15. Amed, Bali.  5 nights.
  16. Sanur, Bali.  2 nights.
  17. Kuala Lumpur, Malaysia.  2 nights.
  18. Pulau Pangkor, Malaysia.  2 nights.
  19. Melaka, Malaysia.  2 nights.
  20. KL, Malaysia.  3 nights.

TOTAL: 86 days

  • 3 countries
  • 16 towns/ villages/ cities
  • airplanes, trains, boats, scooter, taxi, buses, cars, bicycles
  • almost 2000 photos and short videos
  • three pairs of pants, two pairs of shorts, some t-shirts and tanktops, my Keen shoes, a pair of Tevas, and other clothing

I’m happy to share more detailed tips and information for anyone that’s looking to travel to these places.  Ask while I still remember!  Leave me a comment!


Pulau Pangkor: Malaysian Family Getaway

On recommendation from a friend of mine, I chose to come to Palau Pangkor (“beautiful island”), and I wasn't disappointed. It's a tiny island off the west coast, south of Penang and about a 3.5 hour drive from Kuala Lumpur.

I took a bus from Pudu Sentral (Puduraya) Bus Terminal, right on the outskirts of Chinatown and a 7 minute walk from my hostel. The ticket was 24.50 MYR or $8 USD. And I just got it that day. Very easy. There are tons of bus companies, so you can just look for which bus leaves when you want (if it's a common destination). My bus went from KL to Lumut, which is where there's a ferry that goes to Pulau Pangkor.

After a fairly comfortable bus ride (they took a couple pit stops along the way), I got the next ferry out to the island. It runs every half hour, and the return ticket costs 10 MYR. It's a 35 minute ferry ride with a first stop at another small village before the main stop at Pangkor Town, which is where most people get off. The ferry was packed with families going on holiday, and they mostly seemed like locals (Malay, Chinese, South Asian)– I saw only one or two white faces.

I found my guesthouse online at TripAdvisor and– BestStay Hotel. And thankfully, it's a short walk from the ferry– about 7 minutes on a busy street, with everyone coming and going by car, van-taxi, and motorbike. The room I stayed in was nice and clean with a-c and TV with three channels. And two of the channels play Hollywood movies (as I write this post, the whole Lord of the Rings trilogy is playing. How fortuitous! I've been wanting to rewatch it since my travels in New Zealand!). I got upgraded to a larger room (I think it's low season and they're not full) with a window view of the town and a patch of water by the ferry.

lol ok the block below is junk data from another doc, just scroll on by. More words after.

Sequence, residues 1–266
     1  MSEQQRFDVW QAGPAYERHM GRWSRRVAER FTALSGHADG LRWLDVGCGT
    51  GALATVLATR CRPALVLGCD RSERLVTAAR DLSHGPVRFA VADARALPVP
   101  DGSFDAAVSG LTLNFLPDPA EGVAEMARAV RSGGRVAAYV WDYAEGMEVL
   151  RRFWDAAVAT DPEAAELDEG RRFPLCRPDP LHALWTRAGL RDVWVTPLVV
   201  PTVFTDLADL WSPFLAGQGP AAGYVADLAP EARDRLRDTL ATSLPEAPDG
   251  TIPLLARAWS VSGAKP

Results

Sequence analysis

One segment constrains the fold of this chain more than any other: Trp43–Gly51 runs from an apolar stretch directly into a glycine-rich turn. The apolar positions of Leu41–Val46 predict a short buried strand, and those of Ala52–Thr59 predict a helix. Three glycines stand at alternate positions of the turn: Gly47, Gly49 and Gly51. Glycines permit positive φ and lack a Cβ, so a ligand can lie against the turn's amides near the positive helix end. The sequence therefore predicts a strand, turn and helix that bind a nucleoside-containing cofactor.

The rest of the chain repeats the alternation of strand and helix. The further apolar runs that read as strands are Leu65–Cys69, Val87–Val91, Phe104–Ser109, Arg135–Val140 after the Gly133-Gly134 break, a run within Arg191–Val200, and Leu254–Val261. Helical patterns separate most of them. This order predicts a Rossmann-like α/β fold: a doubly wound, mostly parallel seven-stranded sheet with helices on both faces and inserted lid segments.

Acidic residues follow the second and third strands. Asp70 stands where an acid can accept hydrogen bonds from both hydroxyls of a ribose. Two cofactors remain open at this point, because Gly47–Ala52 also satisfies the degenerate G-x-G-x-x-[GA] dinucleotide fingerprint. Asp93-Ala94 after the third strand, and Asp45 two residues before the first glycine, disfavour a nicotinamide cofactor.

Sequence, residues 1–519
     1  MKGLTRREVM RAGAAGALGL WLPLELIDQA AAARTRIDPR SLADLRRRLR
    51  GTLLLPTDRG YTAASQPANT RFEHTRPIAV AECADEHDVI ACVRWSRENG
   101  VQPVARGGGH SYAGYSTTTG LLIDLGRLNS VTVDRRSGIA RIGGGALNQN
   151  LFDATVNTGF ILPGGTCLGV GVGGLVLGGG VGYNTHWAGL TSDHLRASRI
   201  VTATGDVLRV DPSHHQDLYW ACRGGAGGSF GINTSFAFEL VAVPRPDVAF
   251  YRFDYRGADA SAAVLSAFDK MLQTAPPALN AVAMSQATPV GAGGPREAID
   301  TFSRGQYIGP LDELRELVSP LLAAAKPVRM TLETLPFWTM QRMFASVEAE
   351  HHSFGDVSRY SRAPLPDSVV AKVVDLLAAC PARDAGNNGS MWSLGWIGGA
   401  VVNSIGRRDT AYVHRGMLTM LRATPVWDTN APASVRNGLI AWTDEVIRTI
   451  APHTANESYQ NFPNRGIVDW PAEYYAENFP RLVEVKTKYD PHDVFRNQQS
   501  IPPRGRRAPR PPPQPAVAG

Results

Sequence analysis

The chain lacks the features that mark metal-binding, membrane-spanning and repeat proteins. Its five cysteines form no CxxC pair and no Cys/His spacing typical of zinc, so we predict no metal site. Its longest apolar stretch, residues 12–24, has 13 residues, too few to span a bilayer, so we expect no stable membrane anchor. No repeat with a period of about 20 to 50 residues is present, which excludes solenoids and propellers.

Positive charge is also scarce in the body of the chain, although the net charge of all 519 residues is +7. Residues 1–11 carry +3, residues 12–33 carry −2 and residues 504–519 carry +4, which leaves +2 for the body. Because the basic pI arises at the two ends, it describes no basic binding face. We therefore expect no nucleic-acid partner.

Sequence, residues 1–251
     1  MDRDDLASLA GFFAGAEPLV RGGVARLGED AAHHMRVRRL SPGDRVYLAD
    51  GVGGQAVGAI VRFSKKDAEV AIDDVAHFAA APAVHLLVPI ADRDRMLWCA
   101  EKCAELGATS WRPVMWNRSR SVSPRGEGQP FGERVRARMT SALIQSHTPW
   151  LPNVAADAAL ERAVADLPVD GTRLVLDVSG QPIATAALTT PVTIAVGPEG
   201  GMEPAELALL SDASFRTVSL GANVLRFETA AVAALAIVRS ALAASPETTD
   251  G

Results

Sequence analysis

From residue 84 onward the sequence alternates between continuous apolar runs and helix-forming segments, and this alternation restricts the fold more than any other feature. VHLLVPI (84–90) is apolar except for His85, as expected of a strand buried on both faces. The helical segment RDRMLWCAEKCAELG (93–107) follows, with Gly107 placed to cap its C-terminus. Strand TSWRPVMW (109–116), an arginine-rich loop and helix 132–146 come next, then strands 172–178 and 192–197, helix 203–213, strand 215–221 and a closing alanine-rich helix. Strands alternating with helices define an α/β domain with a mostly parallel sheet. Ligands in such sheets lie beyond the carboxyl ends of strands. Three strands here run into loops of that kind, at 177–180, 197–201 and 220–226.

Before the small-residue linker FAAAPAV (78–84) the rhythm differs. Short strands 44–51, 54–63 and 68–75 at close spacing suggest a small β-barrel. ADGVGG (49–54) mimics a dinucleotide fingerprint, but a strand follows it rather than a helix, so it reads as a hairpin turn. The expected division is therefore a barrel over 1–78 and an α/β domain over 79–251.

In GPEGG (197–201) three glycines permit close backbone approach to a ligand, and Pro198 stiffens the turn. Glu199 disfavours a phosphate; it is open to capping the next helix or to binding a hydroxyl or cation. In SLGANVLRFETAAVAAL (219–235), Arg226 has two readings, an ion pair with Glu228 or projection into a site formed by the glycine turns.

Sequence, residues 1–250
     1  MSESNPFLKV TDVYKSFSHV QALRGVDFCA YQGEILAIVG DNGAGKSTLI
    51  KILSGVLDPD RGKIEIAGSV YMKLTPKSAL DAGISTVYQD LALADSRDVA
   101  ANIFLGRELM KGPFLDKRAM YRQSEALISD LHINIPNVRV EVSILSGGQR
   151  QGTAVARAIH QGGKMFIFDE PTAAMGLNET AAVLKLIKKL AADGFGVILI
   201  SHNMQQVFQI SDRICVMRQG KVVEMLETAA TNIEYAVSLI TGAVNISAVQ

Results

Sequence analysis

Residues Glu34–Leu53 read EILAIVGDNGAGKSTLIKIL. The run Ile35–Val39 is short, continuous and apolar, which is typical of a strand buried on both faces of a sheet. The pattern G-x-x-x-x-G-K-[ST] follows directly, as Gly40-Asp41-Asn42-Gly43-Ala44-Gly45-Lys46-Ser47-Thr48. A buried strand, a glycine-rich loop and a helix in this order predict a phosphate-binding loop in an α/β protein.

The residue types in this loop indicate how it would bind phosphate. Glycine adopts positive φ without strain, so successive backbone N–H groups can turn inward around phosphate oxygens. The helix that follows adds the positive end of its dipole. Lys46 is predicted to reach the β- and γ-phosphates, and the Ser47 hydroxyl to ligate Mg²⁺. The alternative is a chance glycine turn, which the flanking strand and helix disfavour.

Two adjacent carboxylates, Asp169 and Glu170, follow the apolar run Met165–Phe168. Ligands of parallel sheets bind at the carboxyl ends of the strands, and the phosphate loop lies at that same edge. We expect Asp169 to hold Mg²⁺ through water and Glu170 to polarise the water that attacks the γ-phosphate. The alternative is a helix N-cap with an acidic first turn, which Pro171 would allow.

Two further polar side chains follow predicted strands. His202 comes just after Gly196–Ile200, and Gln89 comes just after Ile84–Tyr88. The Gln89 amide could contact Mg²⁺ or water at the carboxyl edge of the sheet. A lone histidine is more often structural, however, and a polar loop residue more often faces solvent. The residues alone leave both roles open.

Pulau Pangkor has a funny mix of local vacation site and fishing village. You can smell drying fish almost anywhere (thank goodness I don't mind that smell– I think people not used to it would find it suffocating.) There were lots of families at the beaches, wading and swimming with all their clothes on– men, women, boys, and girls alike. I didn't see very much skin and didn't see any two piece bathing suits on women at all. In fact, Muslim women were covered from head to toe and going into the water! It was a funny sight. So opposite from Westerners who take off as much as they can, or even all of it, to get tanned and show off their bodies.

(On a huge aside, can I say that I love Aragorn in this trilogy? He's so understated and yet noble. A man of few words but whose words are full of meaning and heart. A true king and leader. And I love the fellowship of him, Legolas, Gimli, Boromir (until he died), and the four hobbits. It's such a team who loves each other and supports each other all the way. That's the kind of team I want in life. OK, back to the regularly scheduled blog.)

I spent my day and half in PP walking a bit, eating good seafood (mostly Chinese, I realized– those are the best restaurants here; and I wasn't too keen on the hawker stalls– they seemed a little rundown.), and enjoying the simple beauty of the island.

Chili crab - dinner for my first night in Pulau Pangkor.